Wind Energy’s Unsung Hero – O&M
November 24, 2015
While the world continues to buzz about the growth of renewable sources of electricity like wind energy, there is another important industry that is also rapidly growing. In fact, this other industry is key to ensuring that the steel we put in the ground yesterday continues to operate safely and efficiently, and is ready to capture the wind when it blows. The wind energy Operations & Maintenance (O&M) industry is a critical part of our renewable future – without it, promises made, cannot be kept. But like the unsung hero who often goes unnoticed, the wind energy O&M industry is of fundamental importance, but can sometimes be forgotten. There are two critical aspects of this industry in my mind: the women and men who keep turbines turning, day in and day out; and the research and development (R&D) industry that is constantly seeking new and innovative ways to improve on the O&M bottom line, alongside all those Asset Managers around the world.
There are now well over 5,000 commercial scale wind turbines in Canada, operating in all provinces, and two of our three territories. The O&M market in Canada is projected to grow to approximately $450 million in annual spending across the Country by 2020. If current estimates regarding the growth of wind and solar come about, then the O&M industry will certainly grow too. Naturally, this will also effect jobs. In fact, non-hydro renewables worldwide are employing an increasing number of people. This is also the case here at home – a report from Clean Energy Canada concluded there are more jobs in the clean energy sector than there are in the oil sands.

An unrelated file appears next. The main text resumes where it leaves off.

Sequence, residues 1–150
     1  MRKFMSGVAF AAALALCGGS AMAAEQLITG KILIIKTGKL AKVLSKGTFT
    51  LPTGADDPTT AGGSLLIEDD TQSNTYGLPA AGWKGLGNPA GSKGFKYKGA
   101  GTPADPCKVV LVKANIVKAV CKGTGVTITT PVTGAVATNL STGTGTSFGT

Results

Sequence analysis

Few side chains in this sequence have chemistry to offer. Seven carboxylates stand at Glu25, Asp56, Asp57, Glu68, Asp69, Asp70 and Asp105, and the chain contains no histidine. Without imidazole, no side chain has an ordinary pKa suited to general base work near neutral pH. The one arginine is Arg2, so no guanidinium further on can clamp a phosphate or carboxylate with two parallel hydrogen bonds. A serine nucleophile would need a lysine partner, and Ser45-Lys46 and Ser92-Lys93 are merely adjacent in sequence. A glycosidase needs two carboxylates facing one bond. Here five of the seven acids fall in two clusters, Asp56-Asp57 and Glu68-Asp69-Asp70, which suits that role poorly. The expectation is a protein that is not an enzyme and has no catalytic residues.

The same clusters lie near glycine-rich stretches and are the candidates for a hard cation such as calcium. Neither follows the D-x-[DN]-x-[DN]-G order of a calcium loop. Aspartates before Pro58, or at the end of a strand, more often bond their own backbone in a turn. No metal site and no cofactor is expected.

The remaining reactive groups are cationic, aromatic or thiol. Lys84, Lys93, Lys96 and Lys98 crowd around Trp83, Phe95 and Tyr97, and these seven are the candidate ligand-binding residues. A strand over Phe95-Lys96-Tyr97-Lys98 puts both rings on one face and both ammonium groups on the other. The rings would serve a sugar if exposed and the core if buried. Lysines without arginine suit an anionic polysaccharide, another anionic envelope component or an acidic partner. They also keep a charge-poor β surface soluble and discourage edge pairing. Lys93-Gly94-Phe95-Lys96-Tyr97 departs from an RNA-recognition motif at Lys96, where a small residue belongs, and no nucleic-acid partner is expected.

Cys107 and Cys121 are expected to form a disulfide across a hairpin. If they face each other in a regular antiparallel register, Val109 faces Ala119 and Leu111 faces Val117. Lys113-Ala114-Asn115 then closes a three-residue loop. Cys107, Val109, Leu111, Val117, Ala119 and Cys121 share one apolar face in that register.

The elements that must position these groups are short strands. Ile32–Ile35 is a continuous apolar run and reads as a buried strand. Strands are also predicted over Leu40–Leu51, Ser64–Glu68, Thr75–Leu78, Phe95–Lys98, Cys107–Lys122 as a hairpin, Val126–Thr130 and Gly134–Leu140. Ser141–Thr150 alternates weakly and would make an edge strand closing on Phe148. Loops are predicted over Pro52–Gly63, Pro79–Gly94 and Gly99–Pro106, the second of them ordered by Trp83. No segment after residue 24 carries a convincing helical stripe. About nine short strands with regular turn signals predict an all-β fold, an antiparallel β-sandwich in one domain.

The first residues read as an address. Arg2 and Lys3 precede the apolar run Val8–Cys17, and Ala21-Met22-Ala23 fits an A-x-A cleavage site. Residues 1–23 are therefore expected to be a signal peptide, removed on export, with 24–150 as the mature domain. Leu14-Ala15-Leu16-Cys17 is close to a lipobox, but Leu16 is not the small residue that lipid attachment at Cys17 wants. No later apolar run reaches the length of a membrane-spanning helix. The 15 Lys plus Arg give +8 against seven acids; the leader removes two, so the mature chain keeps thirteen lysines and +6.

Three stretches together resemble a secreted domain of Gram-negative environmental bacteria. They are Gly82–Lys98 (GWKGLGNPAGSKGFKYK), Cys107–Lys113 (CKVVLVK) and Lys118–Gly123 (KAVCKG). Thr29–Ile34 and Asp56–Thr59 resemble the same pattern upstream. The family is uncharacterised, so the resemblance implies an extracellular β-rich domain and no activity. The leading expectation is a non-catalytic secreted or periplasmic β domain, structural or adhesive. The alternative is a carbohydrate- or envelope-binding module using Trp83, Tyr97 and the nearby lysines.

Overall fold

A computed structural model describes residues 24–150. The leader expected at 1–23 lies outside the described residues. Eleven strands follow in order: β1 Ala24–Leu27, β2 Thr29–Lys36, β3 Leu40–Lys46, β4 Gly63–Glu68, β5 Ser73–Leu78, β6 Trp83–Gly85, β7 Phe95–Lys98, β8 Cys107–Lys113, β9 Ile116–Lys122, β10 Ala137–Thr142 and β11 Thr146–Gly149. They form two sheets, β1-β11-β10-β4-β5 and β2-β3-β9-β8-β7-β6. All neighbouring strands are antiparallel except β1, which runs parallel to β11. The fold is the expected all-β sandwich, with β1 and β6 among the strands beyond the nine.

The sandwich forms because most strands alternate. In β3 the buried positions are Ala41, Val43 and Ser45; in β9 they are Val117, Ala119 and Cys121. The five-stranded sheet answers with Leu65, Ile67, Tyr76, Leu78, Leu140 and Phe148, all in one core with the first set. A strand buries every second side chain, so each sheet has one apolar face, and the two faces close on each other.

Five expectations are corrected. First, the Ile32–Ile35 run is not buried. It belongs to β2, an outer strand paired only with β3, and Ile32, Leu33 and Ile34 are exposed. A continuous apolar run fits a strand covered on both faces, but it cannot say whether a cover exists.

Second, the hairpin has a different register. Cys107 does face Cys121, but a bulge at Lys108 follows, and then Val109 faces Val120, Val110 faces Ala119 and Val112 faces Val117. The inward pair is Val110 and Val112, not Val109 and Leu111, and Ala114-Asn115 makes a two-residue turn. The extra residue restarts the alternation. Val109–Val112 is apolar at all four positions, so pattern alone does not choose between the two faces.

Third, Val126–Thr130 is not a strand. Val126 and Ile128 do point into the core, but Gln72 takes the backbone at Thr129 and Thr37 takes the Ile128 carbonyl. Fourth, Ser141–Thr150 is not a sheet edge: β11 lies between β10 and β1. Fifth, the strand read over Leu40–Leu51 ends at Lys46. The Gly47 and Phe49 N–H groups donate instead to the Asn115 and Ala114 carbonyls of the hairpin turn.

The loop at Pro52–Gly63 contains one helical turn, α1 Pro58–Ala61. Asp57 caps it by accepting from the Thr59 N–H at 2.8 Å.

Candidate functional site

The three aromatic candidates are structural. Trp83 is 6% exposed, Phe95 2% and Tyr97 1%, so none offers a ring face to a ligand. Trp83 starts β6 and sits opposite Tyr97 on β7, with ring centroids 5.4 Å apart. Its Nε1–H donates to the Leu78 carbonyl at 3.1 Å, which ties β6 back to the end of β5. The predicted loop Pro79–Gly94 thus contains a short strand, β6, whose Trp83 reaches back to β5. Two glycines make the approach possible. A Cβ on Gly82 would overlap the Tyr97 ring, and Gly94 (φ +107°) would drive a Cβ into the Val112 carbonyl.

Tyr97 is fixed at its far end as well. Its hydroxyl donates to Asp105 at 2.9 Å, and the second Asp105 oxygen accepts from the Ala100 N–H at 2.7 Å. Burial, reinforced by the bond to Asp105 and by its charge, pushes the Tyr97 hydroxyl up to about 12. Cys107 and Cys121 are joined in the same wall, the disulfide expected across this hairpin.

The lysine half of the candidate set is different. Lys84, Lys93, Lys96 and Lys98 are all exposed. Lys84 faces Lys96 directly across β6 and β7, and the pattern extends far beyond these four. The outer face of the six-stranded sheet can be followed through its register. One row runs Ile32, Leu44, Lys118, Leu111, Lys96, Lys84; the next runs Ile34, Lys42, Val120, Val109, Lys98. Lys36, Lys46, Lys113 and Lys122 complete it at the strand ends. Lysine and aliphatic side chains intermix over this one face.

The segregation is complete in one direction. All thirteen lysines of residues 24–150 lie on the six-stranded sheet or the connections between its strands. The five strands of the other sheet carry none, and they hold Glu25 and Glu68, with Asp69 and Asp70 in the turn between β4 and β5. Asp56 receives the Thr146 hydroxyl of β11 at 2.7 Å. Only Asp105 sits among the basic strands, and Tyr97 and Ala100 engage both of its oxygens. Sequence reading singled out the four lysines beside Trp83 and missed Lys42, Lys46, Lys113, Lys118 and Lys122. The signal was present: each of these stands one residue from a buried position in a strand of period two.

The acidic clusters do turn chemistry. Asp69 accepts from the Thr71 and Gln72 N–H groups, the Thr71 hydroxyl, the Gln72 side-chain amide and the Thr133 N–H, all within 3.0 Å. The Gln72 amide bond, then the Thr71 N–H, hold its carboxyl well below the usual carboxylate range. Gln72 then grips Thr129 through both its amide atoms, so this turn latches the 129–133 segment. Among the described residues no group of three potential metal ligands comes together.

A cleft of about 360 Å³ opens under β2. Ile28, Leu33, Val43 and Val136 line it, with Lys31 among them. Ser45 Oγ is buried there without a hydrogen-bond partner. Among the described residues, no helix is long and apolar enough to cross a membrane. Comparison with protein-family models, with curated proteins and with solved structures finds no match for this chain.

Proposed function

The data regarding economic and installation trends in the wind energy sector point to a rapidly growing fleet that will need constant attention. This is sparking an O&M innovation boom with a goal to increase efficiencies and drive down costs. In fact, one of the fundamental tasks of an Asset Manager is to continually seek new ways to reduce O&M costs for wind farm owners. As a result, companies are placing more emphasis on O&M needs; this in turn is leading to new ways to inspect wind turbines, look at data, measure their performance, assess their state of repair, and extend their life. The end result should make Asset Managers happy – O&M costs are declining resulting in a lower Cost of Energy. Care must be taken – since even though the International Renewable Energy Agency (IRENA) states, “…it is clear that annual average O&M costs of wind power systems have declined substantially since 1980”, O&M costs do tend to increase for individual projects, as wind turbines age.
In closing – there is an important and growing sector arising from the continued progress of wind energy in Canada and worldwide. The emergence of new and innovative approaches promise to be both exciting and effective in reducing costs for Asset Managers, and ultimately for rate payers and consumers. One thing is certain though – we cannot possibly meet our commitment of a renewable future, if the wind turbine that was constructed yesterday, is not ready to catch the wind tomorrow.
Join us on February 24 and 25, 2016 in Toronto, Ontario for the CanWEA Operations and Maintenance Summit as we discuss ways to help Canadian wind operators make informed decisions when it comes to operating their wind assets in Canada. From cold climate considerations, market operations, data analysis and use, to worker health and safety.
Featured Photo ©Siemens Canada Limited
Former Director of Technical and Utility Affairs at the Canadian Wind Energy Association